Properly and consistently done, the triangle pose has many benefits:
- Muscles around legs, knees, ankle joints, hips, waist muscles, hamstrings, calves, shoulders, chest and spine.
- Strengthens leg, knees, ankles, abdominal, slant, and back
- Stimulates the function of abdominal organs
- Relieves stress
- Improves digestion and constipation
- Helps reduce back pain and menopause symptoms
- Used clinically for anxiety, infertility, neck pain, and sciatica
- Rotate the right toes from the standing position of 3 feet with the feet like a star with five positions, the right wall and the left toes slightly inward.
- Exhale and press the left hips to the left as you slide both hands parallel to the floor to the right.
- Exhale and rotate the arms only, raise the left arm up and rest the right arm in front of the right leg, so that the palms are facing forward.
- Push the feet up, raise the knee caps up, so that the feet remain strong. Reach the tips of the fingers from each other, bringing the arms in a straight line with the shoulders away from each other. Push the left hip forward and the right hip backward.
- Inhale and hold for 3-6 breaths.
- To release: Inhale and move the raised arm up towards the ceiling, as you press the feet to return to the 5 pointed wires using the entire body.
3. Warrior pose III
Warrior pose III strengthens the entire back side of the body, including shoulders, hamstrings, calves, ankles, and back. It also tone and strengthen the abdominal muscles. Warrior III improves balance, posture and full-body coordination.
- Take a deep breath and keep your feet 4 to 5 feet apart.
- With exhalation, bend the right foot 90 degrees and the right foot 45-60 degrees to the right.
- Bend the right knee until your thigh is parallel to the floor and perpendicular to your calf. The knee should be right in front of your heel, making sure that it is not extending beyond the heel.
- Exhale and tilt your trunk forward until your chest rests on your thigh. Bring your palms closer to join both of your palms. Keep the arms straight. Hold this position for 2 breaths.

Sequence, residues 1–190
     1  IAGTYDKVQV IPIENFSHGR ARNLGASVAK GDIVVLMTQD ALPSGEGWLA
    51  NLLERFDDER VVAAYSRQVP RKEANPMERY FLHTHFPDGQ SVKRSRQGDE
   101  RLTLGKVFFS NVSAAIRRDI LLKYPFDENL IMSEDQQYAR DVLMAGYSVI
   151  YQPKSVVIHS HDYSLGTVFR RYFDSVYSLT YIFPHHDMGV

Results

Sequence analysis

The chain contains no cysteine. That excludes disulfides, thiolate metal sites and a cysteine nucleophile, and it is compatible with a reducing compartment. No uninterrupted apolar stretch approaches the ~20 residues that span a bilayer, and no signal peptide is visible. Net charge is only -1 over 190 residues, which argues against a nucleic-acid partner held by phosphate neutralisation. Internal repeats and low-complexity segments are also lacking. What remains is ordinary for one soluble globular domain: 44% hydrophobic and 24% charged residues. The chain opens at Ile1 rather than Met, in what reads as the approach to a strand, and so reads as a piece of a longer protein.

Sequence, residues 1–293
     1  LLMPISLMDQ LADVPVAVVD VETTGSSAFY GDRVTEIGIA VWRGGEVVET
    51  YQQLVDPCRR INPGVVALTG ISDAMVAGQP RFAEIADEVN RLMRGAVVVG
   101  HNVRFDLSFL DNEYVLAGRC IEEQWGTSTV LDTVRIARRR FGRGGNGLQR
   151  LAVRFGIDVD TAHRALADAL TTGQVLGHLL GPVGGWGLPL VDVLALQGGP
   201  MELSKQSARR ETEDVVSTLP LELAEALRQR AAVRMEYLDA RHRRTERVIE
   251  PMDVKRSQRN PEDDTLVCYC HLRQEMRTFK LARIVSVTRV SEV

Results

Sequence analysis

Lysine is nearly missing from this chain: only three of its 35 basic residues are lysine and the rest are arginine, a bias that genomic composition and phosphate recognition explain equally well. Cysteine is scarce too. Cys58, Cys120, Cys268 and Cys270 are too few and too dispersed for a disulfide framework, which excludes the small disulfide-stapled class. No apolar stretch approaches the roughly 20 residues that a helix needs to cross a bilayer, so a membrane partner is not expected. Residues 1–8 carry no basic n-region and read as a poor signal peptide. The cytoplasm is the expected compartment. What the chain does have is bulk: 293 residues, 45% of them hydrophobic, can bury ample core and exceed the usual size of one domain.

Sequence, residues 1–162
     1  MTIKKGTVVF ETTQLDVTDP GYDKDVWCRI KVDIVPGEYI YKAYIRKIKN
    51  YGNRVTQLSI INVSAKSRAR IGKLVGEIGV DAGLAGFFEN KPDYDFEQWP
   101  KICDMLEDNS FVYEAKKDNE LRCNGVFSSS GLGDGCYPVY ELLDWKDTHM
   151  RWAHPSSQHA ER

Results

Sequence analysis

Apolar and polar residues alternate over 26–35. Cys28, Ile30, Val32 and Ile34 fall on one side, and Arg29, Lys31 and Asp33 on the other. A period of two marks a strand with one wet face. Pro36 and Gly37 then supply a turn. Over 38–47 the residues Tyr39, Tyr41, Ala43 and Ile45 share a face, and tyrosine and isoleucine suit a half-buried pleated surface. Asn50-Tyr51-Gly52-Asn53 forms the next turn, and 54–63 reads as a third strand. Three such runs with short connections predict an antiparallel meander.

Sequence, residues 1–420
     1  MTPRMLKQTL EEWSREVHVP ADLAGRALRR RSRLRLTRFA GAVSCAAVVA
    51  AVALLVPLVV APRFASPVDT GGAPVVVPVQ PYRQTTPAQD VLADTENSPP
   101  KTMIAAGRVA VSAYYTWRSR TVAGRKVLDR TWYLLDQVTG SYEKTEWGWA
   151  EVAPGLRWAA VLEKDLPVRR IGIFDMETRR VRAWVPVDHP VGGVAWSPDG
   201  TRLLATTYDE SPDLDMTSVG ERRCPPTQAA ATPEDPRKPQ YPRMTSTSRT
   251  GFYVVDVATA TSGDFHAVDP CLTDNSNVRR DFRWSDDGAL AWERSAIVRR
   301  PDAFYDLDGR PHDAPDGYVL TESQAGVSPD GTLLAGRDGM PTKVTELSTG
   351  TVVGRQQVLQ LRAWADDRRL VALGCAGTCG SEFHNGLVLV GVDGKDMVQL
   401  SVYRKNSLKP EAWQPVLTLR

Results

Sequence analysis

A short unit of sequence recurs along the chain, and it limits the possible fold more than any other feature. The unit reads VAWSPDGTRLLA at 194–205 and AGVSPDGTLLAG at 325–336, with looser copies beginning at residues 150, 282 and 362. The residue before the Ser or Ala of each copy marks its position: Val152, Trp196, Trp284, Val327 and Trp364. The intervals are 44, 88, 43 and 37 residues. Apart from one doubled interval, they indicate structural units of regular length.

- Shift your body weight slowly to your right leg as you lift the left leg off the floor.
- Simultaneously raise your left leg (keeping it straight) and straighten your right leg. The knee of the left leg should be downwards. Look either straight or down.
- The entire body, except the right leg, runs parallel to the floor in the final position of the Warrior Mudra III.
- Once you find balance, spread your hands forward and your legs backwards.
- Take deep breaths and maintain posture for 5 to 30 seconds.
- To come out of the pose, bend and lower the left foot back onto the floor with the right foot bent.
- Practice from the other side again.
4. Plow pose
Plow pose opens the neck, shoulders and back. By constricting the stomach, it massages and tones the digestive organs, thereby improving detoxification. It is great to have in the list of full body stretching yoga sequence.
This pose stimulates and controls the thyroid gland, relieves excess phlegm and mucus and regulates breathing. Calms and restores the sympathetic nervous system, improves memory and concentration, and relieves stress and fatigue.
It nourishes the spine and rejuvenates the whole body. This pose is also therapeutic for headaches, infertility and insomnia.
Plow pose is often entered from the shoulder stand, so get this pose first:
- Lie on the mat on your back.
- Raise both legs above the ceiling to make a 90-degree angle with your torso.
- Place your hands behind your low back and use your core to lift your hips and feet higher towards the ceiling.